Understanding E-Payments


What are e-payments?

Many of us use some form of e-payments in our daily lives.

E-payments refer to all forms of payments through electronic or digital means, as opposed to cash or cheques which are a physical means of payment. Examples of e-payments include GIRO or FAST payments, debit or credit cards, PayNow, SGQR, e-wallets, and mobile payments.

E-payments in our lives

E-payments has added convenience in many aspects of our lives. For example, e-payments can be used for online shopping using credit cards or e-wallets, paying friends using PayNow after sharing a meal together and paying for train or bus rides with our mobile phones.


E-payments are safe and secure, unless we use it recklessly. For instance, you should not allow anyone else to access your payment accounts, or give away your passwords and account information to strangers. These should be kept secret, just as you safeguard your ATM PIN.


Make it a point to check payment details before you send money, and turn on notifications for transactions so that you can verify transactions promptly.

Find more tips on using e-payments safely in this article.

Types of e-payments services

PayNow is a real-time funds transfer service that allows you to pay another person or merchant without the need for their account details.

You only need to use the payee’s registered mobile number, NRIC/ FIN (for individuals), Unique Entity Number (UEN for businesses) or virtual payment address to make an instant payment.

You can also register for PayNow and receive payments instantly by providing your registered details (e.g. mobile number) to the payor.

PayNow allows customers of participating banks' e-wallet providers to register for the service. There is no ‘PayNow App’ as such and the service is accessed through the participating banks’ apps or e-wallet apps.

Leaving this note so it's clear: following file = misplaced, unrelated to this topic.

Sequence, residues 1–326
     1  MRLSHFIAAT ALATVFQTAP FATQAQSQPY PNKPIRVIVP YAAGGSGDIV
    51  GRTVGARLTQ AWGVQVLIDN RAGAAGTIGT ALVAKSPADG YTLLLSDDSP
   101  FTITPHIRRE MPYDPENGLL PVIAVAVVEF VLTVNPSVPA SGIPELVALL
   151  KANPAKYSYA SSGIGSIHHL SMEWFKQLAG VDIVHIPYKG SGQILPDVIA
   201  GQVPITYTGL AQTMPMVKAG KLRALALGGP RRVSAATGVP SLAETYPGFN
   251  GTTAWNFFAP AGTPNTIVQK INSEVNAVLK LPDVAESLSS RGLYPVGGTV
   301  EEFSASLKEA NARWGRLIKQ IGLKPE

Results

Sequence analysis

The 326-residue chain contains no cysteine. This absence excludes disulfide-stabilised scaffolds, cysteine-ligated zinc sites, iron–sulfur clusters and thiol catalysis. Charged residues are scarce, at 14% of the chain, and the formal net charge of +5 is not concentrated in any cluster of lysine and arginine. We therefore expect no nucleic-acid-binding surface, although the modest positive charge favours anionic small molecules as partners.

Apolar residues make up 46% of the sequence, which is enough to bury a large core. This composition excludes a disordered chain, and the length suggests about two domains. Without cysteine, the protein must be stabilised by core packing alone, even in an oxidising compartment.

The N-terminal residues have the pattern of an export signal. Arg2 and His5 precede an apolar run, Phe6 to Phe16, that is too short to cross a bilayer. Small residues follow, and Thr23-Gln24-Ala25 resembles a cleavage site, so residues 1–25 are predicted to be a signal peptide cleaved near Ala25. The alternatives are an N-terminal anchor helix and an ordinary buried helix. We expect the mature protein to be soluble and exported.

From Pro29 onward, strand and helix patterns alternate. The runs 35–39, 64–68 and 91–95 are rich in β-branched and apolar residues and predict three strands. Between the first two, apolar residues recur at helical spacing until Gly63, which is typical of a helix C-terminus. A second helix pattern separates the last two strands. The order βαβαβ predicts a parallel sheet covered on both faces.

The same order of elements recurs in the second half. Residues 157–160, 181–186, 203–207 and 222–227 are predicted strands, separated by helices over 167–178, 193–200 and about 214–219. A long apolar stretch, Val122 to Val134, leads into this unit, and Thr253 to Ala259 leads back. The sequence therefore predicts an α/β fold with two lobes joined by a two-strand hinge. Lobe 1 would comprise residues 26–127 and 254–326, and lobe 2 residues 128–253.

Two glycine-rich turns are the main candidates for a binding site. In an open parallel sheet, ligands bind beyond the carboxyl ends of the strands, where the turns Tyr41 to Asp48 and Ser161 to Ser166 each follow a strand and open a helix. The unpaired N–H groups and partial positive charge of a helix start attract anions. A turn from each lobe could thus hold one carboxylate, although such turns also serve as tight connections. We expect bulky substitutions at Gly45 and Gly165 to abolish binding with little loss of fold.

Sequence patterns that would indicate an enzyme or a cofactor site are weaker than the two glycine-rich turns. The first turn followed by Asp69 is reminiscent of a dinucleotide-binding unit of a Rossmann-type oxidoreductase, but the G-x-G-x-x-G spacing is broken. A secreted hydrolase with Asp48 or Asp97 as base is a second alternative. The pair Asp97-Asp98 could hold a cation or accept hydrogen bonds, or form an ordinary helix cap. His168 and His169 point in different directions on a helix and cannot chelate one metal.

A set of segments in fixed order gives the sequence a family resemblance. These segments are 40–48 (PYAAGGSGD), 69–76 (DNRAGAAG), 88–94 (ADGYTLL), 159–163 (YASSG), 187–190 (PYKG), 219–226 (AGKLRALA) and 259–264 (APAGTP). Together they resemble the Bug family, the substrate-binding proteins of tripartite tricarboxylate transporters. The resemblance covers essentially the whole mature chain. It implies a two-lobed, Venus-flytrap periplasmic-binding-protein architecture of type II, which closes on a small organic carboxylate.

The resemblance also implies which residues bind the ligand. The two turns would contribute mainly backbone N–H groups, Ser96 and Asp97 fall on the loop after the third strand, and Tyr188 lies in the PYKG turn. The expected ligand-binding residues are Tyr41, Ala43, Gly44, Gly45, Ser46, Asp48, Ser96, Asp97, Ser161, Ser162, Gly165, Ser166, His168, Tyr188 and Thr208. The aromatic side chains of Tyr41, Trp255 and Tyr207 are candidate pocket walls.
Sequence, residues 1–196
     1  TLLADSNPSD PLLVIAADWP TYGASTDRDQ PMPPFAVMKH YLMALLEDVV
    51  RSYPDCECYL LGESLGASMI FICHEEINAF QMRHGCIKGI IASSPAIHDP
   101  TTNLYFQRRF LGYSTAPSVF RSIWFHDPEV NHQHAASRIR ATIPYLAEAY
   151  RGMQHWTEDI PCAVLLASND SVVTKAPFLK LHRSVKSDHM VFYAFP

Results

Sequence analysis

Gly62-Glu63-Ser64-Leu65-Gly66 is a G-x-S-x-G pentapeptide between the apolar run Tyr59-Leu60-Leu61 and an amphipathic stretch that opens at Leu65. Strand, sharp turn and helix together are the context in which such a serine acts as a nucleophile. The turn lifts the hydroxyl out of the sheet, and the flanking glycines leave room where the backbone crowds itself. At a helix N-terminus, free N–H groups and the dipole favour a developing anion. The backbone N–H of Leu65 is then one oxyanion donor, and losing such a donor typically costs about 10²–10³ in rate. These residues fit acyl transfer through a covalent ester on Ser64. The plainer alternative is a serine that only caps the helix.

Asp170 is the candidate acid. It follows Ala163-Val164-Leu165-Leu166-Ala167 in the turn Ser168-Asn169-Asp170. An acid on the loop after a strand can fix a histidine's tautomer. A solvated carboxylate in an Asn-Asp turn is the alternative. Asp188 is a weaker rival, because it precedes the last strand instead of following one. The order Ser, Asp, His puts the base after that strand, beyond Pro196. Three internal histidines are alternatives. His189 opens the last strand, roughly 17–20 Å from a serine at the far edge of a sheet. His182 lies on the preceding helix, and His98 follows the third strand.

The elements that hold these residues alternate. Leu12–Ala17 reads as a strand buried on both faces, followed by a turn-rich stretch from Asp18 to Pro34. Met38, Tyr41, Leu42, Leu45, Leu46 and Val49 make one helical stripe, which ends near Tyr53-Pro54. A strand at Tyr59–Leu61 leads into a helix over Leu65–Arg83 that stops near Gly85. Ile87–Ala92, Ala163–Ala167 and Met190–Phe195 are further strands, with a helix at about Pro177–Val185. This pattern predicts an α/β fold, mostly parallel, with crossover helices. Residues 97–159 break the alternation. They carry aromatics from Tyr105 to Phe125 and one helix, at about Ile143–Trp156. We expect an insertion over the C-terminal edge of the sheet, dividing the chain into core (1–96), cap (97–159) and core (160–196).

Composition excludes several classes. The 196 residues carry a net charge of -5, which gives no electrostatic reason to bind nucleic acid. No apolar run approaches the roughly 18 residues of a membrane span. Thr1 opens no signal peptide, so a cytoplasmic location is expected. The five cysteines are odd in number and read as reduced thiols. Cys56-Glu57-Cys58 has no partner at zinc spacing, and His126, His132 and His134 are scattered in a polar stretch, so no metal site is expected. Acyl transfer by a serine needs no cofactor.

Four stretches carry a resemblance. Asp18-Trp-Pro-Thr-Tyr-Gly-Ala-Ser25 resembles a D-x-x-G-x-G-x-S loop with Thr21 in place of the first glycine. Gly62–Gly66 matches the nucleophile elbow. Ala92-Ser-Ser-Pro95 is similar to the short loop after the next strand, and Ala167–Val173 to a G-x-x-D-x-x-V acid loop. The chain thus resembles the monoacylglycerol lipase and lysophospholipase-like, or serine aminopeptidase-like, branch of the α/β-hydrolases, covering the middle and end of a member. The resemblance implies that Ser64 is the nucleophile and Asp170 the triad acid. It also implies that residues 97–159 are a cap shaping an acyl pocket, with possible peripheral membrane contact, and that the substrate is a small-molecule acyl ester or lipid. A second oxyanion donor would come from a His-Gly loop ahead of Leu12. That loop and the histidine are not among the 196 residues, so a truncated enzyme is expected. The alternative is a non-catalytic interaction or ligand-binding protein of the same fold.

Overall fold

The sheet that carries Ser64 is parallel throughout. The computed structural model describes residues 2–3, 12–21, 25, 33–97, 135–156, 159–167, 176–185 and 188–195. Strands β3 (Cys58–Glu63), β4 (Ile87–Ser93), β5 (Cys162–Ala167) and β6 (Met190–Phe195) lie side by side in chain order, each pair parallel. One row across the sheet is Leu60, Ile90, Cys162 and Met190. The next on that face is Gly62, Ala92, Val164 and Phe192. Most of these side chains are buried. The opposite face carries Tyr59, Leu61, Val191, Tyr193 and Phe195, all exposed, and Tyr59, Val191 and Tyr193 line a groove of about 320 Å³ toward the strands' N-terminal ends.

You may approach any of your preferred bank or e-wallet to find out more about how to use the service.

More information on PayNow can be found here.

SGQR is a unified standard for QR (quick response) payments in Singapore. It combines multiple QR codes into a single SGQR label, making QR payments simple for both consumers and merchants.

Consumers just need to look out for the SGQR label to see which payment options a merchant accepts, while merchants only need to display one SGQR label instead of many labels.

Many merchants now accept payments through SGQR. Payments using SGQR are made through e-wallet providers or other mobile payment apps accepted by the merchant.

To see which payment options a merchant accepts, look at the bottom of the SGQR label where the payment app icons are displayed. Some merchants accept payments from one or two payment providers, while others may accept more.

More information on SGQR can be found here.

Mobile payments using NFC (near field communication) technology are contactless payments using smartphones. Examples include Apple Pay or Samsung Pay, where users securely store their debit or credit card details on their mobile devices. The user does not need to carry his or her physical debit or credit cards to make payment.

Similar to how Visa PayWave or Mastercard PayPass works using physical cards, contactless “tap-and-go” payments using Apple Pay or Samsung Pay use the same NFC technology.

E-wallets are payment accounts that store e-money, which are often funded directly from bank accounts, or via debit or credit cards. Examples of popular e-wallets are GrabPay and Singtel Dash.

E-wallet providers enable their apps to scan QR codes displayed at merchants to facilitate payment transactions. Most of these QR codes displayed are SGQR labels.

Some major e-wallets today allow users to transfer funds instantly between bank accounts and e-wallets, and also with other e-wallets.

More information on e-wallets can be found here.

Payment Facilitator Apps are apps issued by payment service providers. Some examples are FavePay or Google Pay.

Unlike e-wallets, payment facilitator apps do not allow customers to load e-money into the apps. Instead, customers save their debit or credit card details on the apps, and payments are funded directly from these cards.

Like e-wallets, payment facilitator apps enable their apps to scan QR codes displayed at merchants to facilitate payment transactions. Most of these QR codes displayed are also SGQR labels.

Click on the image below to watch the e-pay okay video.

epayokay youtube thumbanail



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